The promise to the Zionists is not in keeping with the terms of this Article.

D. Great Britain and her Allies declared their aim in carrying on the war in the Near East to be ‘to assure the complete and final liberation of the people so long oppressed by the Turks, and the establishment of governments and administrations deriving their authority from the initiative and free choice of the native populations.” pp. 11-12

“The Delegation would…desire to remind the Secretary of State in this connection that the cause which has been entrusted to us is nothing less than the salvation of our small country, which has been handed down to us by our fathers and forefathers from time immemorial, from the aggression of the alien Jews.” p. 15

The Colonial Office to the Palestine Arab Delegation – Apr. 11th 1922, pp. 15-17

“[Mr. Churchill] fails to see what advantage they (Arab Delegation)…expect to derive from the purely negative attitude that they have seen fit to adopt…what interest they hope to serve by mere abstention from collaboration it is less easy to understand.” p. 16

The Colonial Office to the Zionist Organization – June 3, 1922, pp. 17-21

“The tension which has prevailed from time to time in Palestine is mainly due to apprehensions, which are entertained both by sections of the Arab and by sections of the Jewish population. These apprehensions, as far as the Arabs are concerned, are partly based upon exaggerated interpretations of the meaning of the Declaration favouring the establishment of a Jewish National Home in Palestine…Unauthorized statements have been made to the effect that the purpose in view is to create a wholly Jewish Palestine. Phrases have been used such as that Palestine is to become ‘as Jewish as England is English.’ His Majesty’s Government regard any such expectation as impracticable and have no such aim in view. Nor have they at any time contemplated, as appears to be feared by the Arab Delegation, the disappearance or the subordination of the Arabic population, language, or culture in Palestine. They would draw attention to the fact that the terms of the Declaration referred to do not contemplate that Palestine as a whole should be converted into a Jewish National Home, but that such a Home should be founded in Palestine.” p. 18

“So far as the Jewish population of Palestine are concerned it appears that some among them are apprehensive that His Majesty’s Government may depart from the policy embodied in the Declaration of 1917. It is necessary, therefore, once more to affirm that these fears are unfounded, and that the Declaration…is not susceptible to change.

“When it is asked what is meant by the development of the Jewish National Home in Palestine, it may be answered that it is not the imposition of a Jewish nationality upon the inhabitants of Palestine as a whole, but the further development of the existing Jewish community, with the assistance of Jews in other parts of the world, in order that it may become a centre in which the Jewish people as a whole may take, on grounds of religion and race, a interest and a pride. But in order that this community should have the best prospect of free development and provide a full opportunity for the Jewish people to display its capacities, it is essential that it should know that it is in Palestine as of right and not on sufferance. That is the reason why it is necessary that the existence of a Jewish National Home in Palestine should be internationally guaranteed, and that it should be formally recognized to rest upon ancient historic connection.”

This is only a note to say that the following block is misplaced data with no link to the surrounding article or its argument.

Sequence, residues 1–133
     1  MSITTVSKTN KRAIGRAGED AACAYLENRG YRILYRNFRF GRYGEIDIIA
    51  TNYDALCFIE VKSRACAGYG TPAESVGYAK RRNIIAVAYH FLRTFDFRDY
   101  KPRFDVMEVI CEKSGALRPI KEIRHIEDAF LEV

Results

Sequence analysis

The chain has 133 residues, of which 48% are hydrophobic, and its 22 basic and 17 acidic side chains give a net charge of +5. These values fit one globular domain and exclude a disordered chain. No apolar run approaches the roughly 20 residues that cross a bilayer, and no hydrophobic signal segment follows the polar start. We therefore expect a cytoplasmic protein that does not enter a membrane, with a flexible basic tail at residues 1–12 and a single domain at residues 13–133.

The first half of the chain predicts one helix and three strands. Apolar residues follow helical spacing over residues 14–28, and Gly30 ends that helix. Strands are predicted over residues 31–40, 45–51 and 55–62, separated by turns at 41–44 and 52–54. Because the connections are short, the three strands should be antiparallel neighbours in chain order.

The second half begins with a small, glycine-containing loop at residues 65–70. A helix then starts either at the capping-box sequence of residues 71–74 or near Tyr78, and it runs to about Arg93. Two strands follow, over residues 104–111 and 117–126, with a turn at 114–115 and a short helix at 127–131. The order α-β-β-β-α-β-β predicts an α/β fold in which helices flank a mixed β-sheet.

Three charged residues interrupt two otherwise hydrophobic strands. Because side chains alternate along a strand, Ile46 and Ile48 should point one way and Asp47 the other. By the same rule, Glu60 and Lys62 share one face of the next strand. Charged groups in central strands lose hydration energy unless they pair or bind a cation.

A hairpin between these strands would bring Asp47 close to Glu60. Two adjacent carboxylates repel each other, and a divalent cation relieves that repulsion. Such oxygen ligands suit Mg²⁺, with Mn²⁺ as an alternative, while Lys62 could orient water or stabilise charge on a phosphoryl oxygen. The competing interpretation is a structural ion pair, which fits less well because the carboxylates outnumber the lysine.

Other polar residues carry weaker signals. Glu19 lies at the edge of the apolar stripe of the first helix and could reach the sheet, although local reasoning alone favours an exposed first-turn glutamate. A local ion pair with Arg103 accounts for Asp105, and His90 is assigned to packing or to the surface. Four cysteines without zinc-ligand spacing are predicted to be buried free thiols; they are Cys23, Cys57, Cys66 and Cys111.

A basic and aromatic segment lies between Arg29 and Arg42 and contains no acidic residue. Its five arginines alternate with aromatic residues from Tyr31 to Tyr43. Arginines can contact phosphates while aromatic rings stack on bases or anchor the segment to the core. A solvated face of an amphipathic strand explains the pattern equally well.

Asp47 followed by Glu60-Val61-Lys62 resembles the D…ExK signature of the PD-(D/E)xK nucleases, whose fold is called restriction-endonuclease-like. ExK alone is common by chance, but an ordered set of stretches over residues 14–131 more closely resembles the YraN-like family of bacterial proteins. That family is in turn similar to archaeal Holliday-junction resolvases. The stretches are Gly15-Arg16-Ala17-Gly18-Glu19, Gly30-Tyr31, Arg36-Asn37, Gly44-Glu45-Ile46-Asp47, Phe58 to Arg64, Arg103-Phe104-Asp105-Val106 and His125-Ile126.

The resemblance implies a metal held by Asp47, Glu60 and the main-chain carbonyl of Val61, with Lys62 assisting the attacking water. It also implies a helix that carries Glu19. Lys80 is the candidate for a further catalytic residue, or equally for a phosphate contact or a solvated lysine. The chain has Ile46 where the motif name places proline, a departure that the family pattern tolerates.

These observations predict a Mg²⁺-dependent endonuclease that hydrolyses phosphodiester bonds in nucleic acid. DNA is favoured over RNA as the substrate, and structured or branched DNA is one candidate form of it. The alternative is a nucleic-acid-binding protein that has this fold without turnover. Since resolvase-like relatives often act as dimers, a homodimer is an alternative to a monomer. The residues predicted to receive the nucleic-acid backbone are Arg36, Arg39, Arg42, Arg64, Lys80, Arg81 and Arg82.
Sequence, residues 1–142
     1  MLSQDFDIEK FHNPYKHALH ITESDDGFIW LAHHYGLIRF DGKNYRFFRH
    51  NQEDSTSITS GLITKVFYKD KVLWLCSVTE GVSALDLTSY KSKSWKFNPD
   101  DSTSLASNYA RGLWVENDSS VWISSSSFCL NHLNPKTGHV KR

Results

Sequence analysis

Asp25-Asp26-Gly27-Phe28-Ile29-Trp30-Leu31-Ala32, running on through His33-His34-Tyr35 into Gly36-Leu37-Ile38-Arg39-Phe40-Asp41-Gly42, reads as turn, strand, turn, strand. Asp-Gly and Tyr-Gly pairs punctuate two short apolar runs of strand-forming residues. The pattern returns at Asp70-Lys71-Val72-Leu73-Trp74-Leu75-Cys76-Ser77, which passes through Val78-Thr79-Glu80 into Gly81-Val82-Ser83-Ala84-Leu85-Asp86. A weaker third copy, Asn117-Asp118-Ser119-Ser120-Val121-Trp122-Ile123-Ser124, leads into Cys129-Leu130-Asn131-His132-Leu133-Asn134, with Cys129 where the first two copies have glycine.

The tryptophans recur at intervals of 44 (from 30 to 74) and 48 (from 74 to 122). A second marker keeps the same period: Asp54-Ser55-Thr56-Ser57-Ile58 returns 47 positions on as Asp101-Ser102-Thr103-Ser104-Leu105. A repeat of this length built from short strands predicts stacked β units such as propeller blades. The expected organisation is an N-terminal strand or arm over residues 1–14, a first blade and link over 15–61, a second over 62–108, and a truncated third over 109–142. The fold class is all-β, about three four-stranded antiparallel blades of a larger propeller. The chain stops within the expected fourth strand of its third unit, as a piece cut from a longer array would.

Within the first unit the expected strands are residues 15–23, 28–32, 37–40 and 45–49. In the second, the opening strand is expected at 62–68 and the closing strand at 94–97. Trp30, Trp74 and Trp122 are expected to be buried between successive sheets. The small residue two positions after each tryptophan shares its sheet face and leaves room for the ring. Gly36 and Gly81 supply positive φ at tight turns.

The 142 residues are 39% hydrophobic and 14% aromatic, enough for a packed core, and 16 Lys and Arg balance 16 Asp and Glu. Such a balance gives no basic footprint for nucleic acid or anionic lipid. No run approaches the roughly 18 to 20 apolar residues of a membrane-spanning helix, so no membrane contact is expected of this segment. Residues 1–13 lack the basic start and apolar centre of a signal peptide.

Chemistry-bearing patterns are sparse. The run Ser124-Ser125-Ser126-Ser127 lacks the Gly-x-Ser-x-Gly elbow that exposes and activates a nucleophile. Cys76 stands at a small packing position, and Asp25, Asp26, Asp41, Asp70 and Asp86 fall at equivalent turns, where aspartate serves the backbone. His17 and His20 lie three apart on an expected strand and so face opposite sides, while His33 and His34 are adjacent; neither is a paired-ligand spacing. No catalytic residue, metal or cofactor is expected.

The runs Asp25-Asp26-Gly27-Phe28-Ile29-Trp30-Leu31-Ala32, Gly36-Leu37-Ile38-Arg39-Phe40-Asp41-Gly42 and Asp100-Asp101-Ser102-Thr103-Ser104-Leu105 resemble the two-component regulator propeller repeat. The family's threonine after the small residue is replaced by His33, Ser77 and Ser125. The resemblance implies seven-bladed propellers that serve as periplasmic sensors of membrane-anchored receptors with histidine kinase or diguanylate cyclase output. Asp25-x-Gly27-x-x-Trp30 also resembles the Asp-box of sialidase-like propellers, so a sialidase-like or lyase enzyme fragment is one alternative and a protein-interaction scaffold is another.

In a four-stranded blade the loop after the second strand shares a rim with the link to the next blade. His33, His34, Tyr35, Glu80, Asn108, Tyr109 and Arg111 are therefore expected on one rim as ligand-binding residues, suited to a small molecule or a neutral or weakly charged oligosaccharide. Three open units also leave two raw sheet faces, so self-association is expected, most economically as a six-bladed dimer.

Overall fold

For the fulfilment of this policy (establishing a Jewish National Home in Palestine) it is necessary that the Jewish community in Palestine should be able to increase its numbers by immigration. This immigration cannot be so great in volume as to exceed whatever may be the economic capacity of the country at the time to absorb new arrivals. It is essential to ensure that the immigrants should not be a burden upon the people of Palestine as a whole and that they should not deprive any section of the present population of their employment…it is intended that a special committee should be established in Palestine, consisting entirely of members of the new Legislative Council elected by the people, to confer with the Administration upon maters relating to the regulation of immigration…”

…it is not the case, as has been represented by the Arab Delegation, that during the war His Majesty’s Government gave an undertaking that an independent national government should be at once established in Palestine. This representation mainly rests upon a letter dated the 24th of October, 1915, from Sir Henry McMahon…to the Sherif of Mecca…That letter is quoted as conveying the promise to the Sherif of Mecca to recognize and support the independence of the Arabs within the territories proposed by him. But this promise was given subject to a reservation made in the same letter, which excluded from its scope, among other territories, the portions of Syria lying to the west of the district of Damascus. This reservation has always been regarded by His Majesty’s Government as covering the vilayet of Beirut and the independent Sanjak of Jerusalem. The whole of Palestine west of the Jordan was thus excluded from Sir H. McMahon’s pledge.” pp. 19-20

Palestine Arab Delegation to the Secretary of State for the Colonies – June 17, 1922, pp. 21-28

“We have shown over and over again that the supposed historic connection of the Jews with Palestine rests upon very slender historic data. The historic rights of Arabs are far stronger than those of the Jews…” p. 24

Since the immigration of a foreign element into any country affects the native population of that country – politically, economically and socially – it is only right and proper that the people who are so affected should have complete say in the matter. The committee proposed above does not give the people of Palestine control of immigration. It powers are merely consultative, while we see that in Article 6 of the draft Mandate, the Jewish Agency…a foreign body, has been given more powers than the actual inhabitants of the country. Nothing will safeguard the interests of the Arabs against the dangers of immigration except the creation of a Representative National Government which shall have complete control of immigration.” p. 25

Zionist Organization to the Colonial Office – June 18th 1922, pp. 28-29

“The Zionist Organization has at all times been sincerely desirous of proceeding in harmonious cooperation with all sections of the people of Palestine. It has repeatedly made it clear both in word and deed that nothing is further from its purpose than to prejudice in the smallest degree the civil or religious rights or the material interests of the non-Jewish population.” p. 29

Secretary of State for the Colonies to the Officer Administering the Government of Palestine – June 29, 1922, pp. 30-31

Summary of White Paper of 1922